× Shoe Care 101 Shine your shoes after you buy them and before you wear them. Shine them regularly for as long as you own them. When you remove your shoes, insert a cedar shoe tree to draw out inner moisture and reshape the leather. Remove a salt stain as quickly as possible by lightly applying a mixture of 2/3 water, 1/3 vinegar with a rag, wiping off with clean damp rag, and drying with a towel. Waterproof your shoes with mink oil (may darken the color of the leather), a wax-based polish (light protection) or a specialty waterproofing compound (heavier protection). Clean your shoes regularly to remove dirt, stains, and layers of built-up polish. Use a specialty leather cleaner, saddle soap, Murphy’s Oil Soap, or Ivory soap and avoid products that contain detergents or acids. To keep your shoes from drying out, every few months apply a specialty moisturizing conditioner or buff in a dab of petroleum jelly. If your shoes are wet, stuff them with newspaper or a small towel to draw out the moisture. Replace the paper/towels periodically as they get saturated. Never place your shoes near a heat source; this can dry out and crack the leather. Remove scuff marks by rubbing the scuff with non-gel toothpaste. Rinse, wipe, and let dry. When your shoes become really worn out, send them back to the manufacturer for refurbishing or resoling instead of buying a new pair.

| November 14, 2011

Shoes, Style & Grooming, Visual Guides

Shoe Care 101: An Illustrated Guide

Shine your shoes after you buy them and before you wear them. Shine them regularly for as long as you own them. When you remove your shoes, insert a cedar shoe tree to draw out inner moisture and reshape the leather. Remove a salt stain as quickly as possible by lightly applying a mixture of 2/3 water, 1/3 vinegar with a rag, wiping off with clean damp rag, and drying with a towel. Waterproof your shoes with mink oil (may darken the color of the leather), a wax-based polish (light protection) or a specialty waterproofing compound (heavier protection). Clean your shoes regularly to remove dirt, stains, and layers of built-up polish. Use a specialty leather cleaner, saddle soap, Murphy’s Oil Soap, or Ivory soap and avoid products that contain detergents or acids. To keep your shoes from drying out, every few months apply a specialty moisturizing conditioner or buff in a dab of petroleum jelly. If your shoes are wet, stuff them with newspaper or a small towel to draw out the moisture. Replace the paper/towels periodically as they get saturated. Never place your shoes near a heat source; this can dry out and crack the leather. Remove scuff marks by rubbing the scuff with non-gel toothpaste. Rinse, wipe, and let dry. When your shoes become really worn out, send them back to the manufacturer for refurbishing or resoling instead of buying a new pair.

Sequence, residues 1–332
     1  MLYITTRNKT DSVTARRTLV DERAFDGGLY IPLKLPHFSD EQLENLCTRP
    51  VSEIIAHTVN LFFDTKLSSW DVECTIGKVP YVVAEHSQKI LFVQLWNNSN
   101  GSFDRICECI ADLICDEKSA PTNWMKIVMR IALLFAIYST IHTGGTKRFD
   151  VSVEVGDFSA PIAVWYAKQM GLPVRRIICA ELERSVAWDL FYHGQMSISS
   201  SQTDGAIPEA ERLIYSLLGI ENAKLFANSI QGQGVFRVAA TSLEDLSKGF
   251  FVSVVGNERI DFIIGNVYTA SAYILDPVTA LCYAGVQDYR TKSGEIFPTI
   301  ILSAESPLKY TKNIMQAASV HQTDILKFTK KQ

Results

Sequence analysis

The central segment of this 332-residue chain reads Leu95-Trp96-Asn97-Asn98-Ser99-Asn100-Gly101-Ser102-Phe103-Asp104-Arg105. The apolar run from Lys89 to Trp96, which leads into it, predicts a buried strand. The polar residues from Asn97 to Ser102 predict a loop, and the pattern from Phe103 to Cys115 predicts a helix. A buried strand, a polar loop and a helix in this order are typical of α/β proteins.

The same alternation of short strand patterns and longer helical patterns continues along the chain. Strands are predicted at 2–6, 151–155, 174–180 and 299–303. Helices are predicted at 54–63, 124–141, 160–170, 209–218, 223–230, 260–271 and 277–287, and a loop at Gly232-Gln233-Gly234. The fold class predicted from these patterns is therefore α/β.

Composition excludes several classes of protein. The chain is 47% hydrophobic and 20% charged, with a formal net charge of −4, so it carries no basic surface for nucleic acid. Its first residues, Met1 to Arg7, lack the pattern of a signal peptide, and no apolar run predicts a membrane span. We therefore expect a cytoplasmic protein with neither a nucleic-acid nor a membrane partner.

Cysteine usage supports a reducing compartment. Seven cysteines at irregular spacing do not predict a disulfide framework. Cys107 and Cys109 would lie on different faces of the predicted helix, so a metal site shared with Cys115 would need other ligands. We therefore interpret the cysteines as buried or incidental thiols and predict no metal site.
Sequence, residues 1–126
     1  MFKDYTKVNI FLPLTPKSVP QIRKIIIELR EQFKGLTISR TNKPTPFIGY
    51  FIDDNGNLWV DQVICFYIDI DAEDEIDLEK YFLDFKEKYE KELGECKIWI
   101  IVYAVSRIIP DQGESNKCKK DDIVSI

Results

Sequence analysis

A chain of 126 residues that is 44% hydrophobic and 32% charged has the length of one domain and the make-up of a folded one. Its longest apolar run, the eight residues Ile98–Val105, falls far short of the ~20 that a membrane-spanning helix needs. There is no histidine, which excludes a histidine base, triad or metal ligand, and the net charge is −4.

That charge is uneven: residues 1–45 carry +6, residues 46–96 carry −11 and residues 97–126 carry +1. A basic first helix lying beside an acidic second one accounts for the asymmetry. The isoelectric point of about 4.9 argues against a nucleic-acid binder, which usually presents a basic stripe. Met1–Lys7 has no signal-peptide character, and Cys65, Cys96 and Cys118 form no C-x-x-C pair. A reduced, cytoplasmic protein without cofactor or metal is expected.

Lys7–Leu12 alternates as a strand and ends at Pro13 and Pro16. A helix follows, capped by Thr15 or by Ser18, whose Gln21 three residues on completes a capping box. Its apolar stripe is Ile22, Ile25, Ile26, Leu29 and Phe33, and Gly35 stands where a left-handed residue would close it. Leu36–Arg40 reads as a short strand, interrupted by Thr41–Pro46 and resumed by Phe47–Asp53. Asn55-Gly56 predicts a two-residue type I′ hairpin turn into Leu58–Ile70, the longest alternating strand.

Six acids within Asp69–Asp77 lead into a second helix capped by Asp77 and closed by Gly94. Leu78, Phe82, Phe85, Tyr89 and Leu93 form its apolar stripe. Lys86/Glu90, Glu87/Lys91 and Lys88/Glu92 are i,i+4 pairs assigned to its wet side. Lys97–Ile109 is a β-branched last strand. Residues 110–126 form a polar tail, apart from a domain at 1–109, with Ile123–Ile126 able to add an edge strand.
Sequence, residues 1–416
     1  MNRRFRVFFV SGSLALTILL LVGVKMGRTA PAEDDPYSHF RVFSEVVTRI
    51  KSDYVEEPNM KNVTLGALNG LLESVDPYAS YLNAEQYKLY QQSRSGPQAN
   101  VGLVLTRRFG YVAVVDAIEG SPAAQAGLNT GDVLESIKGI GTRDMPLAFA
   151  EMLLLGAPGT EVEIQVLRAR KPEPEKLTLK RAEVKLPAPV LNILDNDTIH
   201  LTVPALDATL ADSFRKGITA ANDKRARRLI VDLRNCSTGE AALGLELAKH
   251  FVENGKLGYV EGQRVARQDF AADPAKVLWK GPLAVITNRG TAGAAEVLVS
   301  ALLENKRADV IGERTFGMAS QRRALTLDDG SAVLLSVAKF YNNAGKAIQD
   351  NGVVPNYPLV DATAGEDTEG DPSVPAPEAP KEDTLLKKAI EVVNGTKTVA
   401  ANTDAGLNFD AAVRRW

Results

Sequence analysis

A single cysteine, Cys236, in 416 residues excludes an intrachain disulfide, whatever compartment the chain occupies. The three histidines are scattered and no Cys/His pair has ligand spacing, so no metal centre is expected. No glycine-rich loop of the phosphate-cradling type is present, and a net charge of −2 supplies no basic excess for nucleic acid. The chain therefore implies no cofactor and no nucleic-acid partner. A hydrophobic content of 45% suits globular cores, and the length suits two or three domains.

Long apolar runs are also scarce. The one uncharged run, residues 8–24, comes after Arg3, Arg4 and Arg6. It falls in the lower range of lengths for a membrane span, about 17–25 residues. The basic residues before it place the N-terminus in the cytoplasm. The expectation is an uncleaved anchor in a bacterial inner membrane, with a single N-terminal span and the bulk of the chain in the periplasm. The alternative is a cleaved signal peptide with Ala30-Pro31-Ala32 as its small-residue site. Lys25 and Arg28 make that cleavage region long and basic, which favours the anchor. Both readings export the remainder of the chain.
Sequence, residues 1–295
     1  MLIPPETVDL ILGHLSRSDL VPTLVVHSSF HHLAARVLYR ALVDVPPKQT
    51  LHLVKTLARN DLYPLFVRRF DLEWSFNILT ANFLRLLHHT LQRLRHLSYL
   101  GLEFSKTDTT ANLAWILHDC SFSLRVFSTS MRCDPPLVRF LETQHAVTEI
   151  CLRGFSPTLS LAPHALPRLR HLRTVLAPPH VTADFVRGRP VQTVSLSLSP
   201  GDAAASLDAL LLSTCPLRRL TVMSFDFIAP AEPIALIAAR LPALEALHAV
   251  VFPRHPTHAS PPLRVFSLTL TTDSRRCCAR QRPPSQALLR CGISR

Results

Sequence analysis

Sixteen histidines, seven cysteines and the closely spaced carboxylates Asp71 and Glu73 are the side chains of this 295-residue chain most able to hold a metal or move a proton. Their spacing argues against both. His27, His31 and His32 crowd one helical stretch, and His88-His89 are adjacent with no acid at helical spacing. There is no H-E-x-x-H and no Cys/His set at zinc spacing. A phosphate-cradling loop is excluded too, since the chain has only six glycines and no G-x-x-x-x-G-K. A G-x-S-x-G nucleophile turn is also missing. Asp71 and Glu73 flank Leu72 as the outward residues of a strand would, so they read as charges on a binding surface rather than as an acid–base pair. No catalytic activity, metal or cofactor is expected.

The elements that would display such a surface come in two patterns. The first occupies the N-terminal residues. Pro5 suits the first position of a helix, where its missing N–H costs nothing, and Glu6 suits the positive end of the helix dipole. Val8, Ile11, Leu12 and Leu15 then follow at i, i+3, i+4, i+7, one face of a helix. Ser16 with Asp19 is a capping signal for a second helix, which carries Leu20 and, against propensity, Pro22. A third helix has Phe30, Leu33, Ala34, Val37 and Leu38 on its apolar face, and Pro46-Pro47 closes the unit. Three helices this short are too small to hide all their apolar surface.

**Please Note: The toothpaste trick does not work on every kind of shoe. Be sure to test the toothpaste on a small spot on the shoe to ensure compatibility with your particular leather.**

Illustration by Ted Slampyak

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This illustrated guide is brought to you by Johnston and Murphy.

Last updated: August 31, 2017


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